More Frontline Patient Care, Fewer Bureaucrats: MPP Jim McDonell

September 11, 2012

“The health care system in Ontario today is complex, inefficient and difficult for patients to navigate. The ideal system would operate more like a smart phone, still complex, but simple to use because the designers have gotten the engineering right.”

– Paths to Prosperity: Patient-Centred Health Care


QUEEN’S PARK – Ontario needs bold action to create jobs and grow the economy, but we also need fundamental reforms to improve core services people rely on the most. Nowhere is this more evident than in the $47.3 billion we spend on health care. Don Drummond – the Government’s hand-picked advisor – showed how 28% of that budget is spent inefficiently and does not deliver results due to a lack of coordination at the local level, Ontario PC MPP Jim McDonell said today.

“Change is overdue,” McDonell said. “If we continue down this path we’re on, health spending will take up 80 per cent of the budget by 2030 – the remaining 20 per cent wouldn’t even come close to covering education.” Real reform means putting patients and their needs at the centre of every decision, empowering frontline health professionals and fewer bureaucrats in distant head offices.

McDonell made the comments following the release of the Ontario PCs Paths to Prosperity: Patient-Centred Health Care – the third in a series of discussion papers aimed at providing positive, fresh ideas for fixing the root causes of problems facing our province.

The first two in the series, Affordable Energy and Flexible Labour Markets, have already redefined public debate in Ontario in these two important fields. All three Paths to Prosperity white papers can be found at

Proposals in Patient-Centred Health Care focus on three objectives: keeping Ontarians healthy, continually enhancing the patient experience and reducing the per capita cost of health care.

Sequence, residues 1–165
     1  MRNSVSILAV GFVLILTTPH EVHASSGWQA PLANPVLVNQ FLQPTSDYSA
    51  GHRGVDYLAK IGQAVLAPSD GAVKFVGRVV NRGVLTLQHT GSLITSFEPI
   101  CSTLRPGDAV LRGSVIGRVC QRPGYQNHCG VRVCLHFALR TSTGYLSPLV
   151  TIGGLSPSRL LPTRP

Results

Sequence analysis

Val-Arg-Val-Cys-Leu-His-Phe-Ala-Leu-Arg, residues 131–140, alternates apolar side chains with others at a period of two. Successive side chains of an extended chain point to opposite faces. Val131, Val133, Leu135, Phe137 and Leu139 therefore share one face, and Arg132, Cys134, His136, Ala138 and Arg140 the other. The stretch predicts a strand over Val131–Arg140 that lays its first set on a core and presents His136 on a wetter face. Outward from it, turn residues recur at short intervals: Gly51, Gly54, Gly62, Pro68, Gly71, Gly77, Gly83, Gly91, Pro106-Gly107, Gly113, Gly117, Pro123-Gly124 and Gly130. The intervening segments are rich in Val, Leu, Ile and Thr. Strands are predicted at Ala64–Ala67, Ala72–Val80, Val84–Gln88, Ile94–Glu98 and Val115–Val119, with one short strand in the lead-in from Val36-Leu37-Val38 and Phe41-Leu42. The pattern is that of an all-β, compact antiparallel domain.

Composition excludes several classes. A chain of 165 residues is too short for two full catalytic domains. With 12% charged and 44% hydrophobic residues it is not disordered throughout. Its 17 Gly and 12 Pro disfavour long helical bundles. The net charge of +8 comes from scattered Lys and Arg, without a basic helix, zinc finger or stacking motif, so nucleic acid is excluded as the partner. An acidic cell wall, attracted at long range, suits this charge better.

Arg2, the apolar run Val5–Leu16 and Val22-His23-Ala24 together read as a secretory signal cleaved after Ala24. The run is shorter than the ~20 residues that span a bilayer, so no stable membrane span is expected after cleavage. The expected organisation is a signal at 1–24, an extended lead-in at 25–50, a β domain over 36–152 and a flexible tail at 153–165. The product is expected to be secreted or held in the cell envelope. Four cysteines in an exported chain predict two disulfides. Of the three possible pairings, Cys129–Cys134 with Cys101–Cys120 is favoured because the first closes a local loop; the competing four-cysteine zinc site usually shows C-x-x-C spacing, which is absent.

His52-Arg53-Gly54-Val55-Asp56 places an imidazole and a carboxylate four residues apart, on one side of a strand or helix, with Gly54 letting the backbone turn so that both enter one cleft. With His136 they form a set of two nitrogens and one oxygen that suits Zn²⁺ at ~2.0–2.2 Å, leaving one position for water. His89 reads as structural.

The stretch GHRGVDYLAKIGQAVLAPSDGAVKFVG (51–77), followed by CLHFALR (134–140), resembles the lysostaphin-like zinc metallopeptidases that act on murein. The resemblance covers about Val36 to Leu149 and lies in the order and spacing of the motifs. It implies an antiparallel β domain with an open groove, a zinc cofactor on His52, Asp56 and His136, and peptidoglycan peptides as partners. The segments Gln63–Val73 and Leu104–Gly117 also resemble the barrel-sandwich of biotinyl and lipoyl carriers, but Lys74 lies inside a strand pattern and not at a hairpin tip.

MPP McDonell said “Ontario spends too much on health bureaucrats, money that should go to patient care. I’ve seen first-hand how multiple administration layers stand in the way of innovation and accountability. Despite all the managers, it often seems like no one is in charge.”

Tim Hudak and the PCs propose the elimination of two layers of costly middle management in today’s health care system – the so-called Local Health Integration Networks and Community Care Access Centres. This reform alone would remove 2,000 middle managers and use this money more efficiently on frontline patient care like nursing, personal support workers and doctors.

To streamline the system, the PC proposals would build off of existing, high-performing regional healthcare providers. Instead of bureaucrats making decisions, volunteer skills-based boards would form “health hubs” – directly linked to doctors, regional hospitals and other health providers. Frontline health professionals would be responsible for regional planning, procurement and performance, not government middle managers far removed from patients.

“For the first time, you would have everyone responsible around the same table, not in siloed management or budgets,” McDonell said. Other ideas include a stronger, more hands-on role for doctors, patient-centered funding for hospitals and hubs, and extending the CCACs’ case management functions across the entire continuum of care.

“We can’t grow our economy or balance the books without reforming the delivery of health care – the largest provincial program expenditure,” Jim McDonell, MPP concluded. “This will require fewer bureaucrats and putting the patient at the centre of every decision.”

To read Patient-Centred Health Care and submit your feedback visit: